Summary of Amicus Brief in Edwards et al, v. Balisok
SUMMARY OF ARGUMENT
In Heck v. Humphrey, 114 S. Ct. 2364 (1994), this Court held that a state prisoner cannot bring a damages action under 42 U.S.C. 1983 for constitutional violations leading to his conviction, if success in that action would necessarily imply the invalidity of his outstanding criminal conviction. The Court in Heck also reaffirmed its holding in Wolff v. McDonnell, 418 U.S. 539 (1974), that a prisoner may bring a damages action for use of unconstitutional prison disciplinary procedures in depriving him of good time credits, if the unconstitutionality of those procedures does not necessarily vitiate the denial of good time, and the action therefore does not call into question the lawfulness of the prisoner's continuing confinement.
The courts of appeals have uniformly followed Heck and held that a prisoner may not bring a section 1983 damages action for wrongful disciplinary procedures if success in that action would necessarily result in restoration of the prisoner's good time. Conversely, if the claim is simply for using the wrong procedures, and does not necessarily implicate the loss of good time, the action may proceed under Section 1983. This was the rule applied by the court of appeals below.
Petitioners propose a radically new rule that would require this Court to abandon both Heck and Wolff. Petitioners' proposed rule is unintelligible and would defy easy or consistent application in the lower courts. It is unsupported by either the language or the legislative history of Section 1983 or 28 U.S.C. Section 2254. Petitioners' arguments in support of their proposed rule are policy arguments about the optimal scope of section 1983, and are properly addressed to Congress rather than this Court.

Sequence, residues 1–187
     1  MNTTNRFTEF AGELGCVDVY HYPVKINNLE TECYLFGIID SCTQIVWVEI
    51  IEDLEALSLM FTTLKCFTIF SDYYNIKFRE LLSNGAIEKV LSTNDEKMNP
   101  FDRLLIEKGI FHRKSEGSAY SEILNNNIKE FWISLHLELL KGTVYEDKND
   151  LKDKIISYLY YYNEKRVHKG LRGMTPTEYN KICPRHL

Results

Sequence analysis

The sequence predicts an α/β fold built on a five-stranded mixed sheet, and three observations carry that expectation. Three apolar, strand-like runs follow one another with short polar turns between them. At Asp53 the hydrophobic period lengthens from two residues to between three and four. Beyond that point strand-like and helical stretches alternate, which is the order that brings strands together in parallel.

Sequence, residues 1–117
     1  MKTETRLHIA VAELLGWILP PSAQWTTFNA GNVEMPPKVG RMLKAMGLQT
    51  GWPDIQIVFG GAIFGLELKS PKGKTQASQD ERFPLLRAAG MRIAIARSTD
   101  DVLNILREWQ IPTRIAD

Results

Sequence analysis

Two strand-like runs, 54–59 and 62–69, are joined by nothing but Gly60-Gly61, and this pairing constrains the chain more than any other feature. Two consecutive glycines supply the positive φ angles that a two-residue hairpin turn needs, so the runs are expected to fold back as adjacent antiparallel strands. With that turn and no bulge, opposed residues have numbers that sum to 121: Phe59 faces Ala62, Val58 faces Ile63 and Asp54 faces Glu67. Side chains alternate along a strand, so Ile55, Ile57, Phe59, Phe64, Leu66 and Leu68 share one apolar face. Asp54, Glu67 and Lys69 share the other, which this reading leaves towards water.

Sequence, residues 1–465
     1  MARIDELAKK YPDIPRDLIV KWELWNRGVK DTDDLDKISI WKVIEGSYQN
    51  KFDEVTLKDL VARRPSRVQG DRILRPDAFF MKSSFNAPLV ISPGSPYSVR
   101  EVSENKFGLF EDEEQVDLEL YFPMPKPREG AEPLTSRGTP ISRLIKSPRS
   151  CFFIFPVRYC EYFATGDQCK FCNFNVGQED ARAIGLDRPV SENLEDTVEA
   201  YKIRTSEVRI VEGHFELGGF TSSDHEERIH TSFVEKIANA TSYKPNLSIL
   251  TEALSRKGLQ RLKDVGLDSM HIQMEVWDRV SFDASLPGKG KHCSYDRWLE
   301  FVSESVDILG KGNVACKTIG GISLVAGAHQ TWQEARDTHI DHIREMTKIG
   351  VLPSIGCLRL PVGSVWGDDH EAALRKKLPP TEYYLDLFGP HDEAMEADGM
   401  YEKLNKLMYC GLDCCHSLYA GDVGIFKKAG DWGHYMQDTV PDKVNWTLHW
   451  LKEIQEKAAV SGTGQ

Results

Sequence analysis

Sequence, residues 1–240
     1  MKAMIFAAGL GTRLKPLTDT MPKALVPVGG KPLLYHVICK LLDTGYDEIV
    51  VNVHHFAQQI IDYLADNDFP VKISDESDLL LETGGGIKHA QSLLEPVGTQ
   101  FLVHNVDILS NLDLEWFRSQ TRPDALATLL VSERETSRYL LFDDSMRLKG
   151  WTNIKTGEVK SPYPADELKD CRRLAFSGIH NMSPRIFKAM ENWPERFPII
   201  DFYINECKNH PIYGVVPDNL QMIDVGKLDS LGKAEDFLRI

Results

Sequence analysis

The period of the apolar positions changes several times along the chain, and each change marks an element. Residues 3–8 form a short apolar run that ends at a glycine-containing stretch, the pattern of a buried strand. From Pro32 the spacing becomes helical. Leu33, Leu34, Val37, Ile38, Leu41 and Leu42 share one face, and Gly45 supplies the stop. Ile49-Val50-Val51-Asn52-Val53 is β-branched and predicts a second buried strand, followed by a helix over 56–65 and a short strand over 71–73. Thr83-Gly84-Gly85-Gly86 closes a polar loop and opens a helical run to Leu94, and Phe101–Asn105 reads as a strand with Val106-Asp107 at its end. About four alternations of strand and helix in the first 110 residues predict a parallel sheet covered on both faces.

The Court should decline petitioners' invitation to abandon Heck and Wolff. It should hold, consistent with those cases, that a state prisoner may bring an action under § 1983 for a deprivation of procedural due process in a prison disciplinary proceeding, as long as success in that action would not necessarily result in restoration of good time credits taken in that proceeding. It should then affirm the judgment of the court of appeals, because respondent's success in his § 1983 action would not necessarily result in restoration of his good time.
A fortiori, a former state prisoner who has completed his sentence, like amicus Gotcher, may directly seek damages under § 1983 for wrongful deprivation of good time credits, since the restoration of good time cannot possibly result from the § 1983 action. Because such a person is not in custody, and therefore cannot invoke federal habeas corpus jurisdiction to seek restoration of his credits, damages under § 1983 are the only federal remedy for the violation of his federal constitutional rights. Absent the possibility of proceeding under the more specific habeas corpus statute, the plain language of § 1983 grants the former prisoner a cause of action for damages for wrongful deprivation of good time credits.
Finally, Heck left undisturbed Wolff's holding that a state prisoner may seek prospective injunctive relief from unconstitutional prison disciplinary procedures. A claim for such relief does not call into question the lawfulness of the plaintiff's continuing confinement.